Unlike traditional radiation that reached not just the affected tissues, but often healthy tissue and nearby organs thereby increasing the risk of bladder or rectum or other cancers later, the laser doesn’t do that. In fact, there are built-in safety zones around critical structures. If the temperature of the laser gets too high, the machine automatically shuts off so it won’t harm other structures, like the urethra for example. The impact of the laser is very, very isolated. We can literally destroy tumors near the bladder or rectum without any concern of harming healthy tissue. There’s virtually no risk of incontinence or impotence using this procedure. In fact, in the more than 100 patients I’ve treated, not a single one has suffered from either incontinence or impotence post-procedure.
Plus, MRI lets us follow patients at set intervals and pick up any recurrence much quicker than any other technology.
MTT: I would imagine the reduced side effects and precision could really change the way patients view prostate cancer treatments.
DS: I’m hoping the change of thinking will extend beyond patients.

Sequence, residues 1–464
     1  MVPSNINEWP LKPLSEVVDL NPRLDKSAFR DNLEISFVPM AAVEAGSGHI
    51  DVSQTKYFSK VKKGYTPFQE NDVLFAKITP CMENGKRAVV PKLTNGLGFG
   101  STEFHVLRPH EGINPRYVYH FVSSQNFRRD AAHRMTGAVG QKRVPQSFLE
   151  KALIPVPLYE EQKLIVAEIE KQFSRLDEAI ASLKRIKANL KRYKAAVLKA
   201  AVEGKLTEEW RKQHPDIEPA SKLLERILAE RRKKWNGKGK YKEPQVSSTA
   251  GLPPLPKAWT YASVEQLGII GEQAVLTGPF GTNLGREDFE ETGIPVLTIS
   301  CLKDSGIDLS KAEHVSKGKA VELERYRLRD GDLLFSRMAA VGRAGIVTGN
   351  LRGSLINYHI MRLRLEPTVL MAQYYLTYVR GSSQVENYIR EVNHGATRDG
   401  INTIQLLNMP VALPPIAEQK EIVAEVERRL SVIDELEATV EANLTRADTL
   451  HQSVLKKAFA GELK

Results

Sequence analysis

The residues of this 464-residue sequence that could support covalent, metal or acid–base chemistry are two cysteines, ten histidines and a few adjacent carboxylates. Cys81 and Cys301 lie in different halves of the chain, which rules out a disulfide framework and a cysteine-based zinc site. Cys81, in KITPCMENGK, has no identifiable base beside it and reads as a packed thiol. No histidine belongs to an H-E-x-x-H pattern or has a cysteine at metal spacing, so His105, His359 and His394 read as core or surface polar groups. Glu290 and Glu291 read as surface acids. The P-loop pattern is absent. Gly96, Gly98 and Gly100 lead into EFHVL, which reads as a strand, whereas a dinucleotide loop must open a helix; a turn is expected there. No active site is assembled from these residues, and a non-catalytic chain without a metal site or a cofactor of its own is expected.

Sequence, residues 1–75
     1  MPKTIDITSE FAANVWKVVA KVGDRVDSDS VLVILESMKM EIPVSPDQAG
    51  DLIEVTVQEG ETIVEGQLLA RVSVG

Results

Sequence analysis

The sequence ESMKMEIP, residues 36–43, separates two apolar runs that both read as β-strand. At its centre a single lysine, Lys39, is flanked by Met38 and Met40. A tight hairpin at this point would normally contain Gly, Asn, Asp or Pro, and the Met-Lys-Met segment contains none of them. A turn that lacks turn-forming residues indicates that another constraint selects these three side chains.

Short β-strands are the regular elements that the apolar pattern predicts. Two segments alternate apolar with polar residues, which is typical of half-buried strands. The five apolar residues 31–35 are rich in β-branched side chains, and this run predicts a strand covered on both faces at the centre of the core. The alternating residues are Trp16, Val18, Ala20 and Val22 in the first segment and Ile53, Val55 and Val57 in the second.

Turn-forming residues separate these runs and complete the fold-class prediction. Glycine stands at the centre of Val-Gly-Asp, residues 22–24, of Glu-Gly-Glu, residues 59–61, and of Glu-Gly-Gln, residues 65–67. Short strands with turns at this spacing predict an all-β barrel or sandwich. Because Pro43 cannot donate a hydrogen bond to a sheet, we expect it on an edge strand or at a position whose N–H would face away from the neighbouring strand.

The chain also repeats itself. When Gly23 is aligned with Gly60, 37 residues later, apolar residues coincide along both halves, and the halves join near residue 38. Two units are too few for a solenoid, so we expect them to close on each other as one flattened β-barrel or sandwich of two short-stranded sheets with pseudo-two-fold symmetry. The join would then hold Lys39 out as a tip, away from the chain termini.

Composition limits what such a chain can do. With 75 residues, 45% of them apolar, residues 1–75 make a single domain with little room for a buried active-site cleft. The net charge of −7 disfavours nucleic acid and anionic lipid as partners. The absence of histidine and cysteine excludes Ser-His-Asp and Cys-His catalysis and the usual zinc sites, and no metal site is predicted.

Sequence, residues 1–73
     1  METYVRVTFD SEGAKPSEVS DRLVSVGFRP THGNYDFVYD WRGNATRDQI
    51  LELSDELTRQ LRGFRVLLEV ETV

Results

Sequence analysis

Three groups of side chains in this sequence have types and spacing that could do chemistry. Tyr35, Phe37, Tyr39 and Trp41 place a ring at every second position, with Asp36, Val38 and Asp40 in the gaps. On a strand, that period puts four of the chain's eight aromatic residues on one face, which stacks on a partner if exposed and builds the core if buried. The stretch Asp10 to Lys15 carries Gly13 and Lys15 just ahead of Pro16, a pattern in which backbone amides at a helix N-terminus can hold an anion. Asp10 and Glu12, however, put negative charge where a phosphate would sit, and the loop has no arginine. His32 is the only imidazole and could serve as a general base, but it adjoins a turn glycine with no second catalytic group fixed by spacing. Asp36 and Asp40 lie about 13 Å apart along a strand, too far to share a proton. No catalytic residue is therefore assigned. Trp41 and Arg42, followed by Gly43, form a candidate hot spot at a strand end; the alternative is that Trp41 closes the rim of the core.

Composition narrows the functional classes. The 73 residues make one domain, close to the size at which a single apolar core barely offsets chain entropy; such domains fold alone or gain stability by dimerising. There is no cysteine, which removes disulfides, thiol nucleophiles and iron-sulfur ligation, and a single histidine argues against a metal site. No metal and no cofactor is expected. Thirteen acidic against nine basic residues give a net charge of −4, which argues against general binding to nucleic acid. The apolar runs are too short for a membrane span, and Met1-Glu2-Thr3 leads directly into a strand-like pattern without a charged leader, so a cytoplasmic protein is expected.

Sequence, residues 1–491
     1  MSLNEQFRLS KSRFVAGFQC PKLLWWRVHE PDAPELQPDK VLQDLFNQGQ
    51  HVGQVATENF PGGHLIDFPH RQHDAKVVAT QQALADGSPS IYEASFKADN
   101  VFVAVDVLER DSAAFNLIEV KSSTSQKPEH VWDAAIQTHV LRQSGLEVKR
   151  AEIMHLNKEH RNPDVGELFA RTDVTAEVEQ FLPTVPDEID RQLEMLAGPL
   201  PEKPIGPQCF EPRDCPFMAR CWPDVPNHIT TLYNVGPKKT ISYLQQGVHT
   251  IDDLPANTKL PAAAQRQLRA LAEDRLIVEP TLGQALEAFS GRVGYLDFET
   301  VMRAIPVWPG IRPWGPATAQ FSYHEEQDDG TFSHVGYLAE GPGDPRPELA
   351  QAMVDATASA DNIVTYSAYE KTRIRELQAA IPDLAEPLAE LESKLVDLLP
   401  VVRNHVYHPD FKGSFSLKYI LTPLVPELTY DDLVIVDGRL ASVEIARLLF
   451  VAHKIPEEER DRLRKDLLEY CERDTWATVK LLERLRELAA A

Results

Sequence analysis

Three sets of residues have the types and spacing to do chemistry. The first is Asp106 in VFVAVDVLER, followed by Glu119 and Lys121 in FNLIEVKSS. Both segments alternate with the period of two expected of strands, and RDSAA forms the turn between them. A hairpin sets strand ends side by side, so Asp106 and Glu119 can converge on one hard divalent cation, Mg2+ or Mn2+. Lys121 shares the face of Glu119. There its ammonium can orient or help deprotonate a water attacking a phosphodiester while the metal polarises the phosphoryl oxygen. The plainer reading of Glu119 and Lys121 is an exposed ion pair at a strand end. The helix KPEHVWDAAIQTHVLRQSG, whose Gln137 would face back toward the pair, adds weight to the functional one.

One of the things I’m trying to do along with others is change the paradigm of prostate cancer treatment. I believe it should not be seen as an acute disease that needs to be treated immediately and radically with a false sense of curing — prostate cancer can and does recur. Instead, prostate cancer should be seen as chronic disease state that you treat conservatively and monitor and follow just as you would any other chronic disease, such as diabetes.
MTT:Of the 100-plus procedures you’ve performed, how have the results differed from more traditional approaches?
DS: As I noted, in all the procedures I’ve done, I’ve not had a single incident of incontinence or impotence. That’s a significant difference. Plus, patients leave in a very comfortable state. They can go home without any restrictions and return to work — or the golf course — the next day.